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  1. The agreement is in writing and signed by the parties.
  2. The agreement covers all of the premises rented by the parties for the term of the agreement and specifies the premises covered by the agreement.
  3. If the agreement is intended to provide the lessee with access to the premises for periodic intervals of time rather than on a full time basis for the term of the rental agreement, the rental agreement must specify exactly the schedule of such intervals, their precise length and the exact rent for such intervals.
  4. The term of the rental agreement is for not less than one year.
  5. The aggregate rental charge is set in advance, is consistent with fair market value in arms-length transactions and is not determined in a manner that takes into account the volume or value of any referrals or business generated between the parties for which payment may be made in whole or in part under Medicare or Medicaid.
  6. The aggregate space rented does not exceed that which is reasonably necessary to accomplish the commercially reasonable business purpose of the rental.

It should be noted that while a properly structured arrangement may currently withstand regulatory scrutiny, regulators are closely examining consignment closet arrangements.  In fact, in 2009 CMS issued a transmittal that essentially prohibited arrangements when a DMEPOS supplier maintains an inventory at the practice location that is not owned by the DMEPOS supplier, but by the physician.  This rule required the physician to take possession of the DMEPOS items who then would have had to bill for the equipment using their own supplier billing number.  In addition to placing additional administrative and regulatory burdens on the physician (e.g. becoming licensed as a DMEPOS provider), this arrangement may be deemed to be in violation of the Stark law.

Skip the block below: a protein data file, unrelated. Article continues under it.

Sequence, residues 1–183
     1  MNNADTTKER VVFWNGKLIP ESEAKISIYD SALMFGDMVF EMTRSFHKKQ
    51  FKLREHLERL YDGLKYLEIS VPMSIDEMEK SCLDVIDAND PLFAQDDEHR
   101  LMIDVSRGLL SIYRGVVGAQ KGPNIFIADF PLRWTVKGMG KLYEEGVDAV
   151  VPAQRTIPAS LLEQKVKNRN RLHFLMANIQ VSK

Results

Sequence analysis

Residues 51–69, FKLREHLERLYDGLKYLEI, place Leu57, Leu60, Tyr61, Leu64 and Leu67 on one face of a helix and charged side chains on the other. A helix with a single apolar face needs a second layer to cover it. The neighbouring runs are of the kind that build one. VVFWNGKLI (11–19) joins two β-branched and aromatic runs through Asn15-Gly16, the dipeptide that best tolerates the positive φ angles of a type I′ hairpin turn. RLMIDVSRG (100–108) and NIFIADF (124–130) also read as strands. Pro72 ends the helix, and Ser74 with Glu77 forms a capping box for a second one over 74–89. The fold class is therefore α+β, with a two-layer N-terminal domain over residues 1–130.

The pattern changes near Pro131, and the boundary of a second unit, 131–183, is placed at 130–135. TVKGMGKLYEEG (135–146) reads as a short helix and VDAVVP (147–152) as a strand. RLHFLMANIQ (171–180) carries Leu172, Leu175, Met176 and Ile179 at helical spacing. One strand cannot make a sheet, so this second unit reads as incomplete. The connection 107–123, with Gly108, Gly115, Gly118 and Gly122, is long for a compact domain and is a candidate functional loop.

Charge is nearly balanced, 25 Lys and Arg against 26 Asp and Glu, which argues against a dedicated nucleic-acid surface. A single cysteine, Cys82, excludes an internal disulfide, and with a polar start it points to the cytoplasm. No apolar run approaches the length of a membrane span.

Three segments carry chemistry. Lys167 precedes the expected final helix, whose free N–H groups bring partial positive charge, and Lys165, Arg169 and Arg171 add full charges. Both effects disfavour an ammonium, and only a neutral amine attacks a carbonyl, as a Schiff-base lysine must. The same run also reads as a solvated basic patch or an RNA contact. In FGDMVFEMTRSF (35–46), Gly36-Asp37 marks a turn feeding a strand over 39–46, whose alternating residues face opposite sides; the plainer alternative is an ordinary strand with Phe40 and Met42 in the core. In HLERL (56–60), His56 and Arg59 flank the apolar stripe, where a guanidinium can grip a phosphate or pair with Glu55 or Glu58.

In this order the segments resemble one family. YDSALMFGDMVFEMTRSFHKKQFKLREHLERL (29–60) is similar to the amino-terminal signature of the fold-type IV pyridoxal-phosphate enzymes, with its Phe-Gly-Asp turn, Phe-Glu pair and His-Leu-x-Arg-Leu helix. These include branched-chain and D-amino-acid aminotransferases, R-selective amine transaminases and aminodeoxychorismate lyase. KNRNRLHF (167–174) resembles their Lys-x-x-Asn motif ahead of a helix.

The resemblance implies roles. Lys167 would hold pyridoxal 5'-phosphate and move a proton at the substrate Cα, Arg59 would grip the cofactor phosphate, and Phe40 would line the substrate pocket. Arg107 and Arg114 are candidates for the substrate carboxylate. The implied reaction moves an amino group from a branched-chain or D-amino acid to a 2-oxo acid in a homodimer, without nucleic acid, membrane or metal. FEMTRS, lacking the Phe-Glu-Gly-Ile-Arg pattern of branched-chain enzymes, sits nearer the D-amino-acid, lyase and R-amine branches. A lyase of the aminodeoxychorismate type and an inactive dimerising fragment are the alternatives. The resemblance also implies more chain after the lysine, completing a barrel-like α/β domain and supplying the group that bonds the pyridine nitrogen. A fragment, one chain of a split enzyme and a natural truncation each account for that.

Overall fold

Fortunately, CMS rescinded the transmittal and the rule described in the preceding paragraph is not in effect.  CMS was scheduled to reinstate the so-called “consignment closet rule” in March 2010, but as of this writing, the rule has not been reinstated.

Therefore, unless and until the consignment closet rule is reinstated, DMEPOS suppliers and physicians are free to set up consignment closet relationships. However, DMEPOS suppliers and physicians must pay close attention that the Stark exception and anti-kickback requirements are complied with in the strictest possible sense.

The content of this article for informational purposes only and should not be considered legal advice.  Each situation is different and it is recommended that you contact an experienced health care attorney to advise you on the subjects discussed in this article.  Health care laws and regulations are subject to rapid change and the information transmitted in this article may not be applicable in the future.

4 thoughts on “Consignment Closets: Still a Viable Option for DME Providers

  1. Pingback: Closet arrangements | Entrenandoatup

  2. Pingback: Justice Department Hits Physician Owned Distributorships (PODS) | Florida Healthcare Law Firm Blog